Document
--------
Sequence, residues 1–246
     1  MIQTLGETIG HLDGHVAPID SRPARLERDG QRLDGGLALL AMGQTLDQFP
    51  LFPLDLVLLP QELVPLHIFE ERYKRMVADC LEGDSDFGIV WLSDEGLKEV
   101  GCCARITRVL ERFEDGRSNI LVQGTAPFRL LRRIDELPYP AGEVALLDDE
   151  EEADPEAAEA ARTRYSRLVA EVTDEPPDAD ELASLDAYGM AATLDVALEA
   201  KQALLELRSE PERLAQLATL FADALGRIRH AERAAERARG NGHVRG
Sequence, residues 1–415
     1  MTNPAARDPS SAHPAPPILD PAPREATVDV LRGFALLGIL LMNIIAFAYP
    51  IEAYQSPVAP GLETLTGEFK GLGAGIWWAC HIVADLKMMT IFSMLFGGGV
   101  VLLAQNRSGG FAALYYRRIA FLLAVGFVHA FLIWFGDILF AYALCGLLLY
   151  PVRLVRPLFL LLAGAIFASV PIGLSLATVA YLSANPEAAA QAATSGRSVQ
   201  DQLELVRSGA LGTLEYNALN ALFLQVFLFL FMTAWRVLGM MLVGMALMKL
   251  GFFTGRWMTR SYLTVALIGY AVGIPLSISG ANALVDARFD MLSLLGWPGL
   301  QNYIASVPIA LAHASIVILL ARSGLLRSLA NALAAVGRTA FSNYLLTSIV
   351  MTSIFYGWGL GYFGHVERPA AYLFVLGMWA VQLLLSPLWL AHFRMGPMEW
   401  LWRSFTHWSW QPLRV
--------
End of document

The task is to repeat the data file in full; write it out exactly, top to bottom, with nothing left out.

Sequence, residues 1–246
     1  MIQTLGETIG HLDGHVAPID SRPARLERDG QRLDGGLALL AMGQTLDQFP
    51  LFPLDLVLLP QELVPLHIFE ERYKRMVADC LEGDSDFGIV WLSDEGLKEV
   101  GCCARITRVL ERFEDGRSNI LVQGTAPFRL LRRIDELPYP AGEVALLDDE
   151  EEADPEAAEA ARTRYSRLVA EVTDEPPDAD ELASLDAYGM AATLDVALEA
   201  KQALLELRSE PERLAQLATL FADALGRIRH AERAAERARG NGHVRG
Sequence, residues 1–415
     1  MTNPAARDPS SAHPAPPILD PAPREATVDV LRGFALLGIL LMNIIAFAYP
    51  IEAYQSPVAP GLETLTGEFK GLGAGIWWAC HIVADLKMMT IFSMLFGGGV
   101  VLLAQNRSGG FAALYYRRIA FLLAVGFVHA FLIWFGDILF AYALCGLLLY
   151  PVRLVRPLFL LLAGAIFASV PIGLSLATVA YLSANPEAAA QAATSGRSVQ
   201  DQLELVRSGA LGTLEYNALN ALFLQVFLFL FMTAWRVLGM MLVGMALMKL
   251  GFFTGRWMTR SYLTVALIGY AVGIPLSISG ANALVDARFD MLSLLGWPGL
   301  QNYIASVPIA LAHASIVILL ARSGLLRSLA NALAAVGRTA FSNYLLTSIV
   351  MTSIFYGWGL GYFGHVERPA AYLFVLGMWA VQLLLSPLWL AHFRMGPMEW
   401  LWRSFTHWSW QPLRV